See my previous piece on this topic as well.
Pirating is driven by a simple equation: the retail cost, in dollars, of an item is high compared to its consumer utility and the cost, in money, time and potential legal action, to bypass the technology is low. People are not motivated to bypass barriers for things that provide higher utility than the sticker price - they'll happily pay for stuff that is perceived as "value for money".
If people are stealing your content in preference to buying it, you've two problems: you're charging more than the middle of the market is willing to pay, you're above their price-point, and you haven't bothered to implement good technical security measures, like not putting a door on a bank-vault.
Which is why TV licences were dropped here. Australia, followed the UK in charging a yearly fee to consumers to watch TV. There was a compliance service & people were fined. Around the introduction of colour TV, licences were scrapped following community outcry. The consumer value placed on the service was much lower than the license fee, and the technology bypass was "too easy": turn your set on.
In all these discussions there is a critical party omitted: the talent.
The way the music/recording business has evolved, the creators of material get the smallest share of the pie. Even if successful, most never make a cent from a recording contract. Which is why concerts and direct-sales are important to them: its where they are allowed to make money.
There are two questions that Dom Wright doesn't explore:
- Are there technological enablers or barriers in the business?
- What is the consumer price-point for broadcast TV?
- We know from Netflix and iTunes that it's a small amount, above the delivery costs, so attractive to content owners/resellers as well.
For 10-15 million TV sets and 2-5 million mobile devices to simultaneously live-stream using TCP requires a massive head-end infrastructure and multiple very high bandwidth pipes. E.g. multiple data centres of 1000 servers per million streams. It's not that much, say $100M to setup with a life of 3-4 years and 20%/year to operate/maintain.
The economic killer is the bandwidth: even at 4Mbps/stream, 20 million streams is 80 Terrabits/sec, or 800 of the fastest ethernet links (100Gbps) available. Two transceivers (SFP/GBIC's) are needed per link and the high-end kit to plug them into. Guess $25-50,000 per link, to setup, then line-rental and volume charges on top. $50M to start and $100M+/year to run, maybe.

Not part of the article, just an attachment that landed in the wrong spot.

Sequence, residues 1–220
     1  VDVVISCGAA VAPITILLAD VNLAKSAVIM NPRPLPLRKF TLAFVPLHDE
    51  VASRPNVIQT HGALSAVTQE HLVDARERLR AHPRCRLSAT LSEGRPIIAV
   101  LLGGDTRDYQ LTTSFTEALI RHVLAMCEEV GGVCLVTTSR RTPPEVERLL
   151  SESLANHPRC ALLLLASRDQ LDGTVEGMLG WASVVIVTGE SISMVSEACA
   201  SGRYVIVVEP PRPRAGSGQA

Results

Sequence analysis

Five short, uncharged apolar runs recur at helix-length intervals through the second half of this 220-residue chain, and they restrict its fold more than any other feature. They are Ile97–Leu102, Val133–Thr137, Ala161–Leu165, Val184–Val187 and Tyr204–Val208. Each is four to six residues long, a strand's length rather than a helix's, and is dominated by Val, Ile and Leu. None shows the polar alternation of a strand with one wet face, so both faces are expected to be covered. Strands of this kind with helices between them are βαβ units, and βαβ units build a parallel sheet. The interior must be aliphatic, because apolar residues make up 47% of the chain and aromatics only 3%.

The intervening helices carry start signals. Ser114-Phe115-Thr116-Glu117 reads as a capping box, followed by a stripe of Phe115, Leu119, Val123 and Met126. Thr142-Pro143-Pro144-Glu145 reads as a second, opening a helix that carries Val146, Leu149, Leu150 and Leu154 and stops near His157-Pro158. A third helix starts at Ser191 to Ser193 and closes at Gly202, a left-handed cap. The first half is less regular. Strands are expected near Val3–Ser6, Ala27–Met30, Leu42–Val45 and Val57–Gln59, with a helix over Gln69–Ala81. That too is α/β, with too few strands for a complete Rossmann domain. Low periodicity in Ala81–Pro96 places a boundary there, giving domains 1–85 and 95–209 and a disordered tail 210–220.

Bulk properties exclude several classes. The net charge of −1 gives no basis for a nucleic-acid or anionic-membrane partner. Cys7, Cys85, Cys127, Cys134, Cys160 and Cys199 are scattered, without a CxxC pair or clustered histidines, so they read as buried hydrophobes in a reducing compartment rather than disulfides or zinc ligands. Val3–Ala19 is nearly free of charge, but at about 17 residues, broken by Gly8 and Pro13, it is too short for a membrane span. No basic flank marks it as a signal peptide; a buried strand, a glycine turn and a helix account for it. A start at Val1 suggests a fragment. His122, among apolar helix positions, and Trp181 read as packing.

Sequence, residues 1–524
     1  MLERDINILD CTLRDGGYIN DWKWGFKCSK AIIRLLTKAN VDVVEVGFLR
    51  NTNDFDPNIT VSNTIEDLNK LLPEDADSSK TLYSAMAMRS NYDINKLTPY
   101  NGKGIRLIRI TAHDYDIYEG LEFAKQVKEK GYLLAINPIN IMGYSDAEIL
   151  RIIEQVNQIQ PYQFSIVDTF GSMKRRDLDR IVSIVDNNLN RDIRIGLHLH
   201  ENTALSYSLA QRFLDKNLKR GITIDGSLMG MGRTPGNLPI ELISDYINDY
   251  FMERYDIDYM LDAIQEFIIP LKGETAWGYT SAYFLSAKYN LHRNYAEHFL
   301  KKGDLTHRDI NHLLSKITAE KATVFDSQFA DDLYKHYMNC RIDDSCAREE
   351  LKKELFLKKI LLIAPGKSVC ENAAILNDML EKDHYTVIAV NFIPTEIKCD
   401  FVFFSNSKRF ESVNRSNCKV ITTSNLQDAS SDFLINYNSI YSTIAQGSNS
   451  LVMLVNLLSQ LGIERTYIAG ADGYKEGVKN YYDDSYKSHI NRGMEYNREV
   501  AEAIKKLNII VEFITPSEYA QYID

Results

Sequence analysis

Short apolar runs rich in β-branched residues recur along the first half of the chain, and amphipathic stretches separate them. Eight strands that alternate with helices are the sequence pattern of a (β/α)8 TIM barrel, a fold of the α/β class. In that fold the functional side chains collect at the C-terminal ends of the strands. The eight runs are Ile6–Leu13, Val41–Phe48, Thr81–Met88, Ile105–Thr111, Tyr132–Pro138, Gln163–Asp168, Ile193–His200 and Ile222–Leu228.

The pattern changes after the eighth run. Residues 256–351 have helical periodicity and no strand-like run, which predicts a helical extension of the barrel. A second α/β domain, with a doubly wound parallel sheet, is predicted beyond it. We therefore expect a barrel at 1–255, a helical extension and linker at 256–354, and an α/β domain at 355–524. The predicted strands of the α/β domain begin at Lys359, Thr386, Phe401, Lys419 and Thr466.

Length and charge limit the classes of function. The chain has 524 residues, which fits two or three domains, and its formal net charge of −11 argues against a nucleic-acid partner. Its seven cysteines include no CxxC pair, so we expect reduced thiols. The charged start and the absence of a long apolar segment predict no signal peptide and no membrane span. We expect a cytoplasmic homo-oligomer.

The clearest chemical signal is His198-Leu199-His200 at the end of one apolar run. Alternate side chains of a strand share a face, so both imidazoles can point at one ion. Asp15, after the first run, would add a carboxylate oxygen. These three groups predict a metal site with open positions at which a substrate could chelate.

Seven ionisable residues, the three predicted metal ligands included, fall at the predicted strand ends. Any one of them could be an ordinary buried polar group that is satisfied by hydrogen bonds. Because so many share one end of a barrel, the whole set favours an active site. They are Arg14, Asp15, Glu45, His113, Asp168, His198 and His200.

A low-ball guess is $250M setup and $150-$250M/year to operate a service to 20M subscribers. More if they want HD. Add marketing costs, content licensing fees and profit-margins and its $750-$1,500M/year. Or $50-$75/user/year, but only if you get everyone to sign-on to your service.
The sting-in-the-tail is you have to overbuild your server farm and link. What's worse than nobody signing-up? Everybody signs-on and your facilities can't cope. As soon as you can't deliver, you're hosed and it'll take a very long time, if ever, to recover. Think "click-frenzy", they were slammed in their first year and learnt from that experience, but people didn't come back in droves after the first bad experience.
TCP links are point-to-point, they have packets following both ways. For each data packet sent to you, your machine sends one back. At 4Mbps, that's around 400 packets/sec each way. For a 3-hour video, that 8.5M packets processed, each end. For 20M streams: 170,000,000,000,000 packets - 170 trillion.
And that's on a normal day.
If we adopt a simple-minded approach to live streaming, we end up doing two things:
- perpetuating the current situation where very high barriers to entry create a very small marketplace. Would it be more of the same: FOXTEL and nobody, or FOXTEL v NetFlix v iTunes?
- Consumers will have limited choice and will pay much more than they need, both because of the high delivery costs and the small marketplace reducing competition.
The talent, the performers and creatives, are still left with no power and almost none of the revenue. The people that we need cultivated and encouraged are again duded by the hordes of Important Fatcats who can't possibly survive on less than $1 million/year, "it's a self-image thing".